Peggy Archer is a children’s book author who brings her “life to life” in her books. Take one of my favorites, Name That Dog, which was inspired by the journey of giving a name to her new dog “Snickers.” In addition to writing adorable children’s picture books, she also writes poetry for children. Her latest book, A Hippy-Hoppy Toad offers a rhyming peek into the little toad’s journey as he ventures away from all the people and animals moving into his space.
It’s no wonder she’s on the New York Times bestseller list.
Peggy is a retired nurse from Gary, Indiana and now lives in Valparaiso with her husband. But she still connects with her writer friends from O’Fallon, Missouri where she lived for nine years. Her writing fills her busy schedule but so does time with her husband and family and her 14 grandchildren. She is also a busy speaker, and her success with her books and her contributions to Chicken Soup for the Soul books allows her to connect with her adult readers in a new way. When she’s not writing or speaking, she enjoys reading mysteries, the outdoors and walking, country line dancing and spending time with family. Thankfully, I was able to catch Peggy between projects (and her busy life) to answer a few questions about her life, her works and her craft.
Did you always want to be an author? Being an author never entered my mind until I had children of my own. My mother read lots of books to me when I was a little girl, and my favorite was a Little Golden Book called NURSE NANCY. Before I even started school, I wanted to be a nurse and help people who were hurt or sick, like Nancy. That stuck with me, and after high school I went to school and became a nurse. I loved working as a nurse, and I also loved reading. Like my mother, I read lots of books to my children. That’s when I started to think that maybe I could write books that children would love the way that I loved NURSE NANCY.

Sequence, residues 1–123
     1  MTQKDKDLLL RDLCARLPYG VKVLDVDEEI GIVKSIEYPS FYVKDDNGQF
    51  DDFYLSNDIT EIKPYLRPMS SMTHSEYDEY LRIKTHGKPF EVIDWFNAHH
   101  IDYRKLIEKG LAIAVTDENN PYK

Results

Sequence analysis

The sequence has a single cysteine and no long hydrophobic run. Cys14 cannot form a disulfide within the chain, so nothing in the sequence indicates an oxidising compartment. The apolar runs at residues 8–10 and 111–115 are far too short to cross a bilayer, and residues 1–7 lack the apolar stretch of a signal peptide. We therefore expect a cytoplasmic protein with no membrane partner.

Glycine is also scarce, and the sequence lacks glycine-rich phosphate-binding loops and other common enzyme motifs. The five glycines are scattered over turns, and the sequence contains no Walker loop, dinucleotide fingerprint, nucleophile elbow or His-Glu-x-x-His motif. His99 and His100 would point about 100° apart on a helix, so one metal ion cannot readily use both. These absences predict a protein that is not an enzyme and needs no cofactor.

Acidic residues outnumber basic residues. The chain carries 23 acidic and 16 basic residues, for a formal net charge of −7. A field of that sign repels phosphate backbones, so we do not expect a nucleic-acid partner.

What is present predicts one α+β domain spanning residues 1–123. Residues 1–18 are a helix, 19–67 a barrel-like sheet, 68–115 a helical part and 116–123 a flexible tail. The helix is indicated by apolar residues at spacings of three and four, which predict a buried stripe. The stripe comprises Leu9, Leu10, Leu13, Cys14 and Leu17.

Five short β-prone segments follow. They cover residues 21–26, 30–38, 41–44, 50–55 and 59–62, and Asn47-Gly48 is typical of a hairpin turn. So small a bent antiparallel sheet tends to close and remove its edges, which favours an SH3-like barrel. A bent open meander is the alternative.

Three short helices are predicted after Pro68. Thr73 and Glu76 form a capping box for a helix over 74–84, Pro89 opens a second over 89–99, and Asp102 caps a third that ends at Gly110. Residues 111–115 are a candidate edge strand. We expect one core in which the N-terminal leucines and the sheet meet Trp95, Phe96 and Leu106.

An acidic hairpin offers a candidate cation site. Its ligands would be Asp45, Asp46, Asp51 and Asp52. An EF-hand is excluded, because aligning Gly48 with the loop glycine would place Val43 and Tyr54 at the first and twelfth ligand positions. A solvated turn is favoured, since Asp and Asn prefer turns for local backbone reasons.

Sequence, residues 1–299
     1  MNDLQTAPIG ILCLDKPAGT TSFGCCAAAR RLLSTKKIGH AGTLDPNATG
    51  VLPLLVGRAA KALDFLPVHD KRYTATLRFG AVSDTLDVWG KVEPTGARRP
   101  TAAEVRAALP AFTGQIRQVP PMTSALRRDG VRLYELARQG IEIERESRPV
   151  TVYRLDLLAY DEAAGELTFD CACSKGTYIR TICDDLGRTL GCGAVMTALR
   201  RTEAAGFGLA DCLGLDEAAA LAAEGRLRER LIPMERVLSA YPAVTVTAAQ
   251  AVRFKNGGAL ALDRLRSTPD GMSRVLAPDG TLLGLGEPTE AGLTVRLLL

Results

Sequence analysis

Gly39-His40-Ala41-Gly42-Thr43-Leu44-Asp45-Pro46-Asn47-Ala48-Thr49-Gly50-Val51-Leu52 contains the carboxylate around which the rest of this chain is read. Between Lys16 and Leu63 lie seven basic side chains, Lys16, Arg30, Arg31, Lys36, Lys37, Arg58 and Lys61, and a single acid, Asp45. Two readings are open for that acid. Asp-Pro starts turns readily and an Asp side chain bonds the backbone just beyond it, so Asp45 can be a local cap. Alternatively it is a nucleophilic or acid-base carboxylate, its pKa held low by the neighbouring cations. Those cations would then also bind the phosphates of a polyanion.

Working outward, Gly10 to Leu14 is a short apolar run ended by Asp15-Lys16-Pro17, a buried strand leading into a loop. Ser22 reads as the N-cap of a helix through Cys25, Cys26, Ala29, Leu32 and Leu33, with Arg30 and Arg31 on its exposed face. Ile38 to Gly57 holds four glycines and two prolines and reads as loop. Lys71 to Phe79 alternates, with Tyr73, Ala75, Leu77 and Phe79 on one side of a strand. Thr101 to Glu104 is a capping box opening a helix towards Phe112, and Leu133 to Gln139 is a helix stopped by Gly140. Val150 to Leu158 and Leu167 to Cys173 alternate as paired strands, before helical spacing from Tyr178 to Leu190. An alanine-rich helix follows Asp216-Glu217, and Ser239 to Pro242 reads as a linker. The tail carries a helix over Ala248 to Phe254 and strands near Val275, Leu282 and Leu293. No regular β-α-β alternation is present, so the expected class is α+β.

What is your most recent book and what inspired you to write it? My newest book is A Hippy-Hoppy Toad illustrated by Anne Wilsdorf. It was inspired by a walk in the park in early spring. My husband and I were walking along the path when there, in the middle of a big wet spot in the middle of the path, we saw a very tiny toad! Words started popping into my head, and I kind of smiled, thinking—‘In the middle of a puddle, in the middle of the road, sat a teeny tiny toad…’ Later at home I wrote down a rough first draft of a poem called Toad in the Road. The second inspiration came the following spring, when we walked at the same park with our grandson. We stepped off the paved path onto a dirt trail and suddenly hundreds of teeny tiny toads started hopping around our feet! That was the push that I needed to put this story at the top of my writing list. It went from a poem to a picture book in verse, and much later A Hippy-Hoppy Toad came to life.
How do you hope your book uplifts those who read it? I hope that readers will find A Hippy-Hoppy Toad to be a story that’s fun to read, from Toad’s adventure in the park, to the rhythm and rhyme and other fun language throughout the book. I hope they find unexpected twists and turns in the story as well as in the illustrations. And I hope it inspires them to love reading and books the way that I do.
What are you most excited about with this book? I’m excited for the recognitions that A Hippy-Hoppy Toadhas received such as the Junior Library Guild Gold Standard Award, runner up for the Indiana Firefly Award for Literacy, and receiving the SCBWI Crystal Kite Award (see my website for more). But what excites me the most, as with any of my books, is watching as kids get excited when reading or listening to it, or when they ask to ‘read it again.’ That, for me, is what it’s all about.